By Rob Johnson
Over the past few months, we have been involved in a consortium to deliver the 2017 iteration of the ‘Monitoring the transition to open access’ report. Led by Jubb Consulting, we worked with colleagues at the University of Sheffield and Elsevier to evaluate recent developments in this ever-changing field and their implications for the stakeholders involved.
The report was launched on Tuesday 5 December, and is now freely available at: http://www.universitiesuk.ac.uk/policy-and-analysis/reports/Documents/2017/monitoring-transition-open-access-2017.pdf
Please find below a summary of the study’s findings, as reported by Universities UK:
The proportion of UK research which is available via open access is increasing at a considerable rate, with 37% of research outputs freely available to the world immediately at publication.
This report, the second in a series commissioned by the Universities UK Open Access Coordination Group, aims to build on previous findings, and to examine trends over the period since the major funders of research in the UK established new policies to promote open access.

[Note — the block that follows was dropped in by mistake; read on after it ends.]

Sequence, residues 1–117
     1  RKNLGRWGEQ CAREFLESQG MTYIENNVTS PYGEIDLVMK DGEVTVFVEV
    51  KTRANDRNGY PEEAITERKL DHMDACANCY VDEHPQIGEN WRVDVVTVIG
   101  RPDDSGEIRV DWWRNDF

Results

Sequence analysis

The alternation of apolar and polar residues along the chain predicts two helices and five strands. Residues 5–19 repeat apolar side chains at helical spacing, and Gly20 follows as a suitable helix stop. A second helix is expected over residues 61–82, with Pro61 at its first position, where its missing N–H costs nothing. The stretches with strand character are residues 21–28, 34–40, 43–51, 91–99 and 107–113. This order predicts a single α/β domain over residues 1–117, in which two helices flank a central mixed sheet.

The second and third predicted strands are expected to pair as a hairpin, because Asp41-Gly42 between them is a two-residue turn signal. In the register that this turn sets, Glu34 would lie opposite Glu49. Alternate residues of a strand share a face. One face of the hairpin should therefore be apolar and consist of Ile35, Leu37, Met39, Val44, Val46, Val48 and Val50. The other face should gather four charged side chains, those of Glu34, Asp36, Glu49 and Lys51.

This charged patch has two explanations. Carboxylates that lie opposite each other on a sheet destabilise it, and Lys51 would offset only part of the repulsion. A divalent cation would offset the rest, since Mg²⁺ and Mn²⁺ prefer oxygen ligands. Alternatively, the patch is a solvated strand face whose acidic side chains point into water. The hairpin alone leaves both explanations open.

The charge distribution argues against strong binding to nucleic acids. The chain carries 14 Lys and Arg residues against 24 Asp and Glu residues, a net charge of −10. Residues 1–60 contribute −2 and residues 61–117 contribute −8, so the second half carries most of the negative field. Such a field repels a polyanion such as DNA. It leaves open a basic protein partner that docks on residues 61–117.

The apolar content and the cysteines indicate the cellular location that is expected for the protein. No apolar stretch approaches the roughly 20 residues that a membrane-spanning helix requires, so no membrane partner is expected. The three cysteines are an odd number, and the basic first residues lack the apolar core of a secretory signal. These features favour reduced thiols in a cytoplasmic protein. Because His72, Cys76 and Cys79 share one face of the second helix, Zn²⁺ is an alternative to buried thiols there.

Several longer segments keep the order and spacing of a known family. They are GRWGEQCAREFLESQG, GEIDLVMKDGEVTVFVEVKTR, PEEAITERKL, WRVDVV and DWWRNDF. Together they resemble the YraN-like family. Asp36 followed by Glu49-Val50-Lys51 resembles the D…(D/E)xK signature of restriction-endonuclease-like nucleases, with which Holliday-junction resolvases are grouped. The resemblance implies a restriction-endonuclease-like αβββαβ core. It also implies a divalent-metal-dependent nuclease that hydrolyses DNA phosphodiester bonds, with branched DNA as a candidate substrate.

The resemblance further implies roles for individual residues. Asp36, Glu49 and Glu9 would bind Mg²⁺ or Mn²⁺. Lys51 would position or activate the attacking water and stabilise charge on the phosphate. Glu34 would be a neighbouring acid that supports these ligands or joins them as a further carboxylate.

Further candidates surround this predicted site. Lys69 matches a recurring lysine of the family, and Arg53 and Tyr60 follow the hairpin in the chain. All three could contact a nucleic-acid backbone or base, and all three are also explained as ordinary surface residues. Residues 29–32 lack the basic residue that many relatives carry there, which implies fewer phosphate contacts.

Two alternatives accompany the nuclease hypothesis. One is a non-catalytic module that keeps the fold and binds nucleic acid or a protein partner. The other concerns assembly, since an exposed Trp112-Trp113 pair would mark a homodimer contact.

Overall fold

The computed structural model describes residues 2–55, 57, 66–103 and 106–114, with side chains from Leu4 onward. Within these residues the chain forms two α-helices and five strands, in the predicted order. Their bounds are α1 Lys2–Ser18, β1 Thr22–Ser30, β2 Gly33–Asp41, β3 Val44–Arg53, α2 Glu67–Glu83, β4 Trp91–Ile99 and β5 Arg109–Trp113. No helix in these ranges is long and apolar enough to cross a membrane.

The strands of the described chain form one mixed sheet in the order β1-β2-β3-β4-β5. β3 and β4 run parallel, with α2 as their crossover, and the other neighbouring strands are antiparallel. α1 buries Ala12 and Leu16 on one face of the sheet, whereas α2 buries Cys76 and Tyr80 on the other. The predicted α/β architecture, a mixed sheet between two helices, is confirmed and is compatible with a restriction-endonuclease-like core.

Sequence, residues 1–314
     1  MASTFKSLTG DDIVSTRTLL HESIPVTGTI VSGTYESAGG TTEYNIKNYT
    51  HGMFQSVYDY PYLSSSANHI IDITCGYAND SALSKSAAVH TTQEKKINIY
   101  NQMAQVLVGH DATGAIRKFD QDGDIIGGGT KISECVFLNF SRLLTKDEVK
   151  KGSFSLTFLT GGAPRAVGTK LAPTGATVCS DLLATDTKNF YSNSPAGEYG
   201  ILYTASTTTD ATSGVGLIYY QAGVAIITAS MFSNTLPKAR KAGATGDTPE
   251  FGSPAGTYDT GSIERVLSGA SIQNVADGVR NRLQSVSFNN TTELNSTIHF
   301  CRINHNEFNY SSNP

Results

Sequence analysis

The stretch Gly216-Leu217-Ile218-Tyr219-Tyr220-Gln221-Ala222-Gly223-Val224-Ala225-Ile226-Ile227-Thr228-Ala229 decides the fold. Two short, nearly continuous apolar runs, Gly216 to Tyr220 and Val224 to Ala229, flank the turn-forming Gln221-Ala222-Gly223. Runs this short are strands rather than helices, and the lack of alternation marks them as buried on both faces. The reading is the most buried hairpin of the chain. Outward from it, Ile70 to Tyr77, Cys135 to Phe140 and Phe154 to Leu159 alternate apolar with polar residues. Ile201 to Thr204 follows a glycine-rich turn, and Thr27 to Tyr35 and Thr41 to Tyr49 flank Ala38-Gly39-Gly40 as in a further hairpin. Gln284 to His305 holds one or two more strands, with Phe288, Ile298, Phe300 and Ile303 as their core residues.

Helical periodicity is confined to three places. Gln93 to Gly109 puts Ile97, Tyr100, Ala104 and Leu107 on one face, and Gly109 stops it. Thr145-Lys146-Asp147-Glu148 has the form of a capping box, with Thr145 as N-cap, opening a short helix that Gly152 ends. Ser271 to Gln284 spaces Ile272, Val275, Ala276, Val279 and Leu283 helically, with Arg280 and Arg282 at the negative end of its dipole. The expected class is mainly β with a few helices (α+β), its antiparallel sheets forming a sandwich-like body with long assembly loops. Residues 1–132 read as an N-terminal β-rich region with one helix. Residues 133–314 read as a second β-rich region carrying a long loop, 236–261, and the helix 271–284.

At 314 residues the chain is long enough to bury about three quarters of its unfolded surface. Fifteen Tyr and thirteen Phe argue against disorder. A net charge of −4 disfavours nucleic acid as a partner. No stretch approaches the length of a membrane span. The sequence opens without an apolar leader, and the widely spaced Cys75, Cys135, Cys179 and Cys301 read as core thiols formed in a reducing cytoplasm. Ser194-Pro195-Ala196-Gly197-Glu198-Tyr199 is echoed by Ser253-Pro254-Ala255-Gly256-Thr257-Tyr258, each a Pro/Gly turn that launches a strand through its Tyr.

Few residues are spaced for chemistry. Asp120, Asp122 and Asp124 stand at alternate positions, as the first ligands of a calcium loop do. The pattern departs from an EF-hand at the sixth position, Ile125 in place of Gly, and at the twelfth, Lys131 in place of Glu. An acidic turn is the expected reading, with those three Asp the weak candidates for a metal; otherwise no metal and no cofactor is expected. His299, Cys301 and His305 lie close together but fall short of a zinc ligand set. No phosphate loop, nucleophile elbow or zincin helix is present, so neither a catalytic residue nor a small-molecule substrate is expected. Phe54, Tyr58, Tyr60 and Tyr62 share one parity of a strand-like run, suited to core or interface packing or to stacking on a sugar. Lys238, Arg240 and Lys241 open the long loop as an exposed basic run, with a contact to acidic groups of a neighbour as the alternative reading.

Key findings include:
- More than half of UK-authored articles are made accessible for public view within 12 months, either through Gold or Green OA
- 37% of UK outputs (vs. 25% globally) are freely available to the world immediately on publication, either through Gold or Green OA
- The proportion of UK-authored articles published open access rose from 12% in 2012 to 30% in 2016, an annual growth rate of over 30% sustained throughout the period
- The global proportion of articles accessible for public view after 12 months via Gold or Green OA rose from 25% to 32% between 2012 and 2016; and the UK proportion rose from 37% to 54%
- The proportion of journals indexed in Scopus that offer immediate OA is rising, with over 60% of journals offering the option in 2016
- OA articles are downloaded from publishers’ sites more than non-OA articles